Our moral failure is huge, and we would atone for it by playing God on a scale beyond the many precursors to the ultimate move of managing the global climate. My question is, when have we ever looked at a new technology and refused it?  I have already reviewed at this site a book which emphatically answers “never”: Too Smart for Our Own Good.  But there have been hesitations along the way to our status as the “God Species.”  Hindus claim that they discovered rocket science during the Vedic era, but that the brahmin priests decided it would create too much mischief. More recently, the NYRB reviewed a collection of letters between the German theoretical physicist Werner Heisenberg and his wife, in which the scientist describes how he and his colleagues passively resisted Hitler's pressure to develop the atomic bomb after discovering nuclear fission in 1939.  Heisenberg was a brave and thoughtful man. 

So German physicists, like their “Aryan” forebears in Vedic India, did refuse to pursue a technology.  Fatefully, our scientists did not. Robert Oppenheimer, observing the first nuclear test from a bunker in Nevada, compared the mushroom cloud  to Krishna revealing himself as an infinite series of beings in the Bhagavad Gita. But the genie was out of the bottle; Oppenheimer's flash of insight was after the fact.  Indeed, several of the men who created the bomb were unsure the earth's atmosphere would survive the shock. The Manhattan Project was a technical success. We built the bomb to save Europe – and we used it.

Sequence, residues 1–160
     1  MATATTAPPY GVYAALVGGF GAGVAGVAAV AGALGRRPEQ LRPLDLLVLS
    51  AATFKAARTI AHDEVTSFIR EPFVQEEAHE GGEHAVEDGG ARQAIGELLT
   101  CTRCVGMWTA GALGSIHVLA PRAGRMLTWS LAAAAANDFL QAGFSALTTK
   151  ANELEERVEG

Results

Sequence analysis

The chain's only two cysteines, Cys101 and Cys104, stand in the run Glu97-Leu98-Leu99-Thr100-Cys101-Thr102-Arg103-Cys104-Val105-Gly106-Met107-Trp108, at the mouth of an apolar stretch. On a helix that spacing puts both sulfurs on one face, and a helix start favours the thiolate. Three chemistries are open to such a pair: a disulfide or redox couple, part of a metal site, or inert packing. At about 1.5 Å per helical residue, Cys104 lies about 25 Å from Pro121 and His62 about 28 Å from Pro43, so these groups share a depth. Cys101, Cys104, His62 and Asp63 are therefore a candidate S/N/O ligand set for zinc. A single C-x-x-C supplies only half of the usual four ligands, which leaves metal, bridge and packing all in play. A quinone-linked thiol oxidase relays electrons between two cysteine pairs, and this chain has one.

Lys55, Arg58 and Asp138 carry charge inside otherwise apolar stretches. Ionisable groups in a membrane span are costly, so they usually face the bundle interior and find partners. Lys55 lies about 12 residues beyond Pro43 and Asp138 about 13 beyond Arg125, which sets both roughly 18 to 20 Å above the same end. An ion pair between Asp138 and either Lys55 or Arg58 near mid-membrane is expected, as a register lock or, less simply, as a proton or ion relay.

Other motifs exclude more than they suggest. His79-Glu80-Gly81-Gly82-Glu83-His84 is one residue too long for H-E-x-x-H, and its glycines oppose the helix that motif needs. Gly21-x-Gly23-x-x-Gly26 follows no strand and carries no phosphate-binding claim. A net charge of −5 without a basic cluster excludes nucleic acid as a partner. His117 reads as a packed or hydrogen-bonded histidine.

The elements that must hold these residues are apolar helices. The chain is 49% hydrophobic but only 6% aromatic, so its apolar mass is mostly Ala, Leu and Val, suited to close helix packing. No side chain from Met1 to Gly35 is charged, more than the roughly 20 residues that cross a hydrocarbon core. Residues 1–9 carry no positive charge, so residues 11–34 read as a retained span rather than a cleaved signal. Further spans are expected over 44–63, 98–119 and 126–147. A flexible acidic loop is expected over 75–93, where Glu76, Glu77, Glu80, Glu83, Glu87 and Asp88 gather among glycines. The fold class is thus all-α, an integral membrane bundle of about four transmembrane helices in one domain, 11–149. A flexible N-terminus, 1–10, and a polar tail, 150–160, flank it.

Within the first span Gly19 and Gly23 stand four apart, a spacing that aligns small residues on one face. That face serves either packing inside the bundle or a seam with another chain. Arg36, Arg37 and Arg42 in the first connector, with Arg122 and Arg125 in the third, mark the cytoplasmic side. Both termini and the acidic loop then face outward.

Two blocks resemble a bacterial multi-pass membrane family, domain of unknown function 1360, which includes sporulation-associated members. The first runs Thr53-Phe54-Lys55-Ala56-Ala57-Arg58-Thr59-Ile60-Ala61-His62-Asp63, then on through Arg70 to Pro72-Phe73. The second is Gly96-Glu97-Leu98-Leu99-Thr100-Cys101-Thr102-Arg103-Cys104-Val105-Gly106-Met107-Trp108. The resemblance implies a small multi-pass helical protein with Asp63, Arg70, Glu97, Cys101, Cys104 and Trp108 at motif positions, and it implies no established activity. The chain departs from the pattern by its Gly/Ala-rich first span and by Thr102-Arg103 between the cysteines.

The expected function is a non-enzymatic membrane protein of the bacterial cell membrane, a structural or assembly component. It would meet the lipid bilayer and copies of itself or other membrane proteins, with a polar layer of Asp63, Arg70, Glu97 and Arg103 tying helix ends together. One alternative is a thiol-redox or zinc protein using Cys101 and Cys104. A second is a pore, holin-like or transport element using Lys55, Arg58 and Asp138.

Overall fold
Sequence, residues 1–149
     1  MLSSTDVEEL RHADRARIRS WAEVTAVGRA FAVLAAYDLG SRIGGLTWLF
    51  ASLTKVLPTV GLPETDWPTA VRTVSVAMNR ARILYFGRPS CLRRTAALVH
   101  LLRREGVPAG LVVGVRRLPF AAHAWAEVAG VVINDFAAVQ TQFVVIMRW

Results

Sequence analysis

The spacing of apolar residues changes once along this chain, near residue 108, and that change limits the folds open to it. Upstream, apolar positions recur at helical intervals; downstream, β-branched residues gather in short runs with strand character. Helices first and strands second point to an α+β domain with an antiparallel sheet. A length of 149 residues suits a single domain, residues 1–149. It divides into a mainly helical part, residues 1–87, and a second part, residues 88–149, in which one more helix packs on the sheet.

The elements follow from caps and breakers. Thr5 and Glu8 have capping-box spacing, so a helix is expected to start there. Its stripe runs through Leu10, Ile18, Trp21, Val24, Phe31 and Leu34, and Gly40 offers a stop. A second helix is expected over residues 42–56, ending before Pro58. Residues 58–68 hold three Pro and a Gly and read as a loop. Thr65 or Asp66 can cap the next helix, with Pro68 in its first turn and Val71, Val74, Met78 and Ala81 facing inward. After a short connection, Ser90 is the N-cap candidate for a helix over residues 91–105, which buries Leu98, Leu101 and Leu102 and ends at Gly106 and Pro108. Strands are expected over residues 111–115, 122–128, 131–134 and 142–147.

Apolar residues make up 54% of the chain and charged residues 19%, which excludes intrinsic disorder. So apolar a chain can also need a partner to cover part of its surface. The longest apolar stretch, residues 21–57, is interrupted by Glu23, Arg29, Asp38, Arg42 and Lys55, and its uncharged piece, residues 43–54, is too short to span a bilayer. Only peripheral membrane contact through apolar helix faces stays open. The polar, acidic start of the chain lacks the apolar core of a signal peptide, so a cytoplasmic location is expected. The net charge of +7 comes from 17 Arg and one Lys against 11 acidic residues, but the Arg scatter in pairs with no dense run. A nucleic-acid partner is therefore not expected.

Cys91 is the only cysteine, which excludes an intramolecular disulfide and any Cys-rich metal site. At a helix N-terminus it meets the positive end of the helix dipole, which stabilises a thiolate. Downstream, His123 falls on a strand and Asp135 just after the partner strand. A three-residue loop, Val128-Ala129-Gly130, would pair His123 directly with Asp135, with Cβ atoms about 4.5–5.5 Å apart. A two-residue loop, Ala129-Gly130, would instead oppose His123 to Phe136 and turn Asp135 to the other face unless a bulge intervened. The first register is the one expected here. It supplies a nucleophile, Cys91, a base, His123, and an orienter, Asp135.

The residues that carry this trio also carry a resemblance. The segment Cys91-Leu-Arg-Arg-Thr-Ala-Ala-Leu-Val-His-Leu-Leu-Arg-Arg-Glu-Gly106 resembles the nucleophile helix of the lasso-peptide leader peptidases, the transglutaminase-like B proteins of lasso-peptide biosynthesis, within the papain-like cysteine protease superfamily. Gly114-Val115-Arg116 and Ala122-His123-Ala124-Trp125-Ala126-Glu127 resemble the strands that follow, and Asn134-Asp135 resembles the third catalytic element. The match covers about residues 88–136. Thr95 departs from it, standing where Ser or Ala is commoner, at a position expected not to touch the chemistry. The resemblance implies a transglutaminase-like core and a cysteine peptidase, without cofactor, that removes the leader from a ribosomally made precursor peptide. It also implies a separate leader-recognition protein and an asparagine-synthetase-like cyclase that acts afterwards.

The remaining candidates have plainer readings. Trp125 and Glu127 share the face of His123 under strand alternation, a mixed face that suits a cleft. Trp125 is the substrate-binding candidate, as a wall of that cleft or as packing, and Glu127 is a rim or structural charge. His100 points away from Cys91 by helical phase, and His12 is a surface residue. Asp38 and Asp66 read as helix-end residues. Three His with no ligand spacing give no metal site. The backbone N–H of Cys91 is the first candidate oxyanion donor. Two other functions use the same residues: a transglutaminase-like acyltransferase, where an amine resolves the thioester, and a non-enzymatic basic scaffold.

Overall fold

On the micro scale, science is busily sequencing multiple genomes, redesigning DNA in cells by selecting for traits and swapping out genes. Though some called for public debate, there has been essentially none.  In Siberia, scientists are busily re-engineering the modern elephant to have some of the traits of the extinct woolly mammoth, so that the spruce forests invading the tundra might be turned back by a pachyderm herd jealous of its own food source – grasslands. This would restore the albedo effect of the vast northern tundra to help mediate the loss of sea ice.  Other scientists are keen to create designer genes to meet would-be parents' desire for perfect offspring. As Hamilton puts it, “Life is reduced to a manipulable genetic code” (179).